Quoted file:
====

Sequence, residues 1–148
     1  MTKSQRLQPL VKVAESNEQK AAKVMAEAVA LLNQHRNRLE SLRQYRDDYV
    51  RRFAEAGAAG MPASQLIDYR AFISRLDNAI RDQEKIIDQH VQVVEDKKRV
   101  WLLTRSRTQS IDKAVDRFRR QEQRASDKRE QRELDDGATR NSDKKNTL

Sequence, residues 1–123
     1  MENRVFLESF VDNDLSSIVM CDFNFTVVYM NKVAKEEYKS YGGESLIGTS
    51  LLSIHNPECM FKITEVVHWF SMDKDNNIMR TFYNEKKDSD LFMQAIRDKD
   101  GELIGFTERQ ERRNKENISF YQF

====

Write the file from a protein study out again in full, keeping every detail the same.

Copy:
Sequence, residues 1–148
     1  MTKSQRLQPL VKVAESNEQK AAKVMAEAVA LLNQHRNRLE SLRQYRDDYV
    51  RRFAEAGAAG MPASQLIDYR AFISRLDNAI RDQEKIIDQH VQVVEDKKRV
   101  WLLTRSRTQS IDKAVDRFRR QEQRASDKRE QRELDDGATR NSDKKNTL

Sequence, residues 1–123
     1  MENRVFLESF VDNDLSSIVM CDFNFTVVYM NKVAKEEYKS YGGESLIGTS
    51  LLSIHNPECM FKITEVVHWF SMDKDNNIMR TFYNEKKDSD LFMQAIRDKD
   101  GELIGFTERQ ERRNKENISF YQF